Strategic Primer: Assistive programs progress

In the last couple of months since I last described my progress on my suite of assistive programs for players and Judges of campaigns of Strategic Primer, I’ve made some significant changes to the map viewer—whether they’re improvements may be debatable.

Recent Changes

First, I fixed a long-standing but minor bug: file-choosing dialogs opened by default in the user’s home directory, which is highly obscure on Windows and not ideal for my workflow either.

Second, I implemented the keyboard-navigation feature, as I had hoped.

Third, I got rid of nearly every code path where some object might be null, replacing them with objects to represent the same cases, and then dropped the special-case logic for handling null.

As an offshoot of that, I implemented, or perhaps reimplemented as I claimed to have done it last time but my commit messages suggest otherwise, the feature that shows the code-name of the owner of a fortress or unit if that information is included in the map file.

Fourth, I reimplemented the map-reading code nearly from scratch. Yes, again. The technical details: This time, I convert the XML to a tree of Nodes, which then check themselves for nonsense data and convert themselves to the new map. This is far more extensible than either previous implementation. Once that implementation was feature-complete—which entailed fixing a number of bugs in deep-comparison functions—I deprecated the previous reader and dropped its predecessor entirely. This new version feels faster to me, though it made some model API changes necessary that then caused some GUI performance regressions. Other than those API changes, though, this new version is a drop-in replacement; its API is identical to that of the previous version.

(As an aside: one of the first things I did in implementing the new reader was to finally come up with an alternative to this monstrosity:

while (events.hasNext()) {
    final Event event =;

Static analysis plugins kept telling me that I could replace that with a for-each loop, but it’s not that simple. In Java a for-each loop only works on an Iterable, and events is an Iterator. What I finally came up with was a wrapper class that is an Iterable and, given an Iterator, returns that as the Iterator the for-each loop asks for. I now use this throughout, even in the previous map-reader implementation. If this trick was mentioned in my CS108 textbook, I’ll feel somewhat foolish—I did read it—but I wish someone had pointed me to this long ago.)

Fifth, I dropped my hand-crafted panel management code, which had controlled widget sizes to a percentage of their parents’ size, entirely, replacing it with reasonable fixed maximum and minimum sizes in pixels for controls on the detail panel. I also moved the detail panel from to the right of the map to below it, which I think improved the proportions. (I also have plans for the right-hand side … but see below.)

I fixed a lot of bugs, warnings, and potential bugs. One problem throughout that is now, at last, fixed was my placement of stream-closing methods. Somehow I’d never learned that a finally block always runs; I had thought that it ran only if another exception was thrown in the catch block, so I never used finally blocks. Now I do; as best I can tell, my stream management code is now correct.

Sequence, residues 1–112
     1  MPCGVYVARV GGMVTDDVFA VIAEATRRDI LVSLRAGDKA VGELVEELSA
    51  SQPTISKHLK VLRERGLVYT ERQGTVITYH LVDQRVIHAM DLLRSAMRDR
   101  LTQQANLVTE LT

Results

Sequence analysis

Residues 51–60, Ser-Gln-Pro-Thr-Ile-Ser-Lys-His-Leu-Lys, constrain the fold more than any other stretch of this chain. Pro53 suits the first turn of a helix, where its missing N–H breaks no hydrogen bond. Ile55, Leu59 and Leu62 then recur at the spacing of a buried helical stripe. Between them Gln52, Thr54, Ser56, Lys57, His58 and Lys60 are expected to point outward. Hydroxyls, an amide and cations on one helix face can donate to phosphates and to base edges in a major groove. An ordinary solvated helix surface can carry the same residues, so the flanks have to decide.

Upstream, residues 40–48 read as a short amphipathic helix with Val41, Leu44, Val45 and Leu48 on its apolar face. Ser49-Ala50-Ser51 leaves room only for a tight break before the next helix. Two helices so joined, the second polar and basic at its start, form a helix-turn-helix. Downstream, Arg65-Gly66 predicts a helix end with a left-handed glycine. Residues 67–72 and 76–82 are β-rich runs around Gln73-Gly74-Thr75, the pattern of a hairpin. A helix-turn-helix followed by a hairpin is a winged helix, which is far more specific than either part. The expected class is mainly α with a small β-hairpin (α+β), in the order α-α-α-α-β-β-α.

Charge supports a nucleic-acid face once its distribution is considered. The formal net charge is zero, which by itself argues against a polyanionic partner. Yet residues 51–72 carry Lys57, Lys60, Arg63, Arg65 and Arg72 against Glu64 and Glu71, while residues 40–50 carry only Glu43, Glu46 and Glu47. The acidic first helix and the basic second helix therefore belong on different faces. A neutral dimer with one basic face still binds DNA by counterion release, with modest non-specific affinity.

Lastly, I added a way to warn the user (or, really, a developer—these warnings go wherever log messages go, which is who-knows-where if you’re not running the application from the command line!) about deprecated or otherwise not-quite-right map format (or other) issues that aren’t worth aborting over. Then I also added a set of XML tags I expect to use in the near future but don’t now, which the viewer will warn you about if it encounter one—but it won’t fail, which is what it does on a totally unexpected tag.


In my last report I suggested changing the resolution of the map; I’m now planning on that, as soon as I finish running the current turn. (Since the conversion will require largely-by-hand expansion of tile contents, at the very least.) This will require changes to the model, the view, and the parsing code in the controller—though that last won’t be nearly as painful now that I have the new Node-based map reader. I may even be able to continue to support the current map format for a while.

Once that goes through, there are several new features I want to add to the viewer. First is changesets: the idea that a map may contain its original state, but then later on contain changes to that state. This will allow me to keep track of which explorer went over what area, and should eventually help in turning the viewer into a strategy-composition application.

The other thing I want to do pretty much as soon as we change the resolution of the map is to implement more realistic encounters. I’ve described this elsewhere—near the end of this blog post, for example—so I won’t go into much detail here.

After—or perhaps, rather, as part of—that, I hope to add unit vision range and movement. Implementing these properly may require finally adding support for loading some kinds of data (including custom map tags!) at runtime from file, which is one of the reasons I began the most recent map-reader overhaul.

In my last report I expressed hope for significant progress soon on the character (worker) management program; I have made no progress whatsoever on it. However, if my plans for the map viewer advance at any reasonable pace, simple worker and structure management functions should be part of the viewer by the end of the year, God willing. Again, we’ll see.


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